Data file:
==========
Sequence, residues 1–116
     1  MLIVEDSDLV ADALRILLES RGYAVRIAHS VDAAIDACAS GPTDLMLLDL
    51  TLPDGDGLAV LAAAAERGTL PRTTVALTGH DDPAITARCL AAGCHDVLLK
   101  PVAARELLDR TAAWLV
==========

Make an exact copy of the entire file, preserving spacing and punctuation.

Sequence, residues 1–116
     1  MLIVEDSDLV ADALRILLES RGYAVRIAHS VDAAIDACAS GPTDLMLLDL
    51  TLPDGDGLAV LAAAAERGTL PRTTVALTGH DDPAITARCL AAGCHDVLLK
   101  PVAARELLDR TAAWLV